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Coding efficient MongoDB joins

  • Sep 13, 2017
  • Guy Harrison

One of the key tenants of MongoDB schema design is to design to avoid the need for joins.  Data is joined all the time inside of application code of course, but originally there was no way to perform joins within the server itself. 

This changed in 3.2 with the introduction of the $lookup operator within the aggregation framework.  The $lookup operator performs the equivalent of a left outer join – eg: it retrieves matching data from another document and returns null data if no match is found.

Here’s an example using some of the data in our sample collections.

Aggregation  

What we’re doing here is finding all customers who have ever hired a film staring “Christian Gable”;  We start by finding those films in the films collection (lines 6-9), then use $lookup to retrieve customer data (lines 12-18).  Films embeds actors in the “Actors” array;  the customers collection embeds films that have been hired in the “Rentals” array. 

The result of the join contains all the customers who have borrowed a Christian Gable movie returned as an array, so we use the $unwind operator to “flatten” them out (line 19).  The resulting output looks like this:

Aggregation

It’s not too difficult to construct a join using $lookup, but there are some definite potential issues with respect to join performance.  The $lookup function is going to be executed once for each document returned by our $match condition.  There is no equivalent of a hash or sort merge join operation possible here, so we need to make sure that we’ve used an index to support the join.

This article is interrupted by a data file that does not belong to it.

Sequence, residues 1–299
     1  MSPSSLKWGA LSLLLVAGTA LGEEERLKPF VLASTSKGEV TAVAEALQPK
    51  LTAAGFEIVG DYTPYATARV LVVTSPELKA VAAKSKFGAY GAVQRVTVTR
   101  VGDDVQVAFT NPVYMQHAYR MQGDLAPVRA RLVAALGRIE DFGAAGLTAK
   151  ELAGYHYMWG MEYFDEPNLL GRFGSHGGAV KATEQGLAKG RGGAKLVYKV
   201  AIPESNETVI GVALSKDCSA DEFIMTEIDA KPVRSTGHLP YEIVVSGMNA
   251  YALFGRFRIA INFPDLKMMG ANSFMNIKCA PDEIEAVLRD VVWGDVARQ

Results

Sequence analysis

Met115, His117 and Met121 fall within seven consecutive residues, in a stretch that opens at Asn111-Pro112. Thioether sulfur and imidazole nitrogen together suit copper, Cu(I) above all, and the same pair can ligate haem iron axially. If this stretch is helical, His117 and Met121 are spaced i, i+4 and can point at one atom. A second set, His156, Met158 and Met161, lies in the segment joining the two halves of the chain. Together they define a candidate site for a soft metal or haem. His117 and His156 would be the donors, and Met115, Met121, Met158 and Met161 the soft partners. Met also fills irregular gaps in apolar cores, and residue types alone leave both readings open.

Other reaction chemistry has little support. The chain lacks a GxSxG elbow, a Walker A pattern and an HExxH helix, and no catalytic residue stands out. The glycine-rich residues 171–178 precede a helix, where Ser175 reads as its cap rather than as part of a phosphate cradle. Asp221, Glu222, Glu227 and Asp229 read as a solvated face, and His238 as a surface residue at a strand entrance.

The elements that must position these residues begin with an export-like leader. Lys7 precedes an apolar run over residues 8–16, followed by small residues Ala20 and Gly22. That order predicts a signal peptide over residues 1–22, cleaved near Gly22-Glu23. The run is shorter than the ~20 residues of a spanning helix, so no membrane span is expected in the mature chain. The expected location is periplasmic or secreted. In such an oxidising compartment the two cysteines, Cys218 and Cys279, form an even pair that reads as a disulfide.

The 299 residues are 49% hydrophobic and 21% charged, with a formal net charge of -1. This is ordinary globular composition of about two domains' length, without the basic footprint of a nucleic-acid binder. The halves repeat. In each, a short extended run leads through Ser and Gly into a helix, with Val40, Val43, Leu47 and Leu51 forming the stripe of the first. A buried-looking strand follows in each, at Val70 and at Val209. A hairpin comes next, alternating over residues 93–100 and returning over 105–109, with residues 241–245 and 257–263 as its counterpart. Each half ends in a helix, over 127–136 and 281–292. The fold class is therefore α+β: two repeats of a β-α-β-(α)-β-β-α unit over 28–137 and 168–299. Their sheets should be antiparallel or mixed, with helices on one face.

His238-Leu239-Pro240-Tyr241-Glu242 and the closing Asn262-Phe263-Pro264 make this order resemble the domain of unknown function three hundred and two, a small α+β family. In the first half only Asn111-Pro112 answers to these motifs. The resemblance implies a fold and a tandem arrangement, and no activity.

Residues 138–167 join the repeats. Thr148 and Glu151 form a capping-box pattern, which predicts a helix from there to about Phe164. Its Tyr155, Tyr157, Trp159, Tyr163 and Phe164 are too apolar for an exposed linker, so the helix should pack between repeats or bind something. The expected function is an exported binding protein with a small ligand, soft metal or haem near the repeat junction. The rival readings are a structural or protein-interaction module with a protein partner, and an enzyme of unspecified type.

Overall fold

Unfortunately, the explain() command doesn’t help us to determine if the join is efficient. For instance, here is the explain output from the operation above:

Explain

The explain output tells us if we have used an index to perform the initial $match, but doesn’t show us if we used an index within the $lookup stage. 

However, we can see the queries created by the $lookup function if we enable profiling.  For instance if we turn profiling on we can see a full collection scan of customers has have been generated for every film document that has been joined:

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These “nested” collection scans are bad news.  Below is the results of a benchmark in which I joined two collections using $lookup with and without an index.  As you can see, the unindexed $lookup degrades steeply as the number of rows to be joined increases. The solution is obvious:

 Always create an index on the foreignField attributes in a $lookup, unless the collections are of trivial size. 

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The MongoDB company is putting a lot of new features into the aggregation framework:  they clearly intend to create a very powerful and flexible capability that matches and maybe even exceeds what can be done with SQL.  Anyone wanting to do any serious work in MongoDB should make sure they are very comfortable with aggregate.  If you use $lookup to perform joins in aggregate, make sure there is an index on the ForiegnField attribute.

Shameless dbKoda plug

All the screenshots above were taken from our dbKoda product, which makes it easy to perform all the tasks you need to write effective aggregations or perform other tasks. Our aggregation builder makes the construction of even the most complex aggregations easy, and we provide GUI access to create indexes, build queries, enable profiling and so on. Check it out at www.dbkoda.com - it’s a completely free, open source, cross platform tool for MongoDB that will improve your productivity and which has a pleasant fruity flavor.

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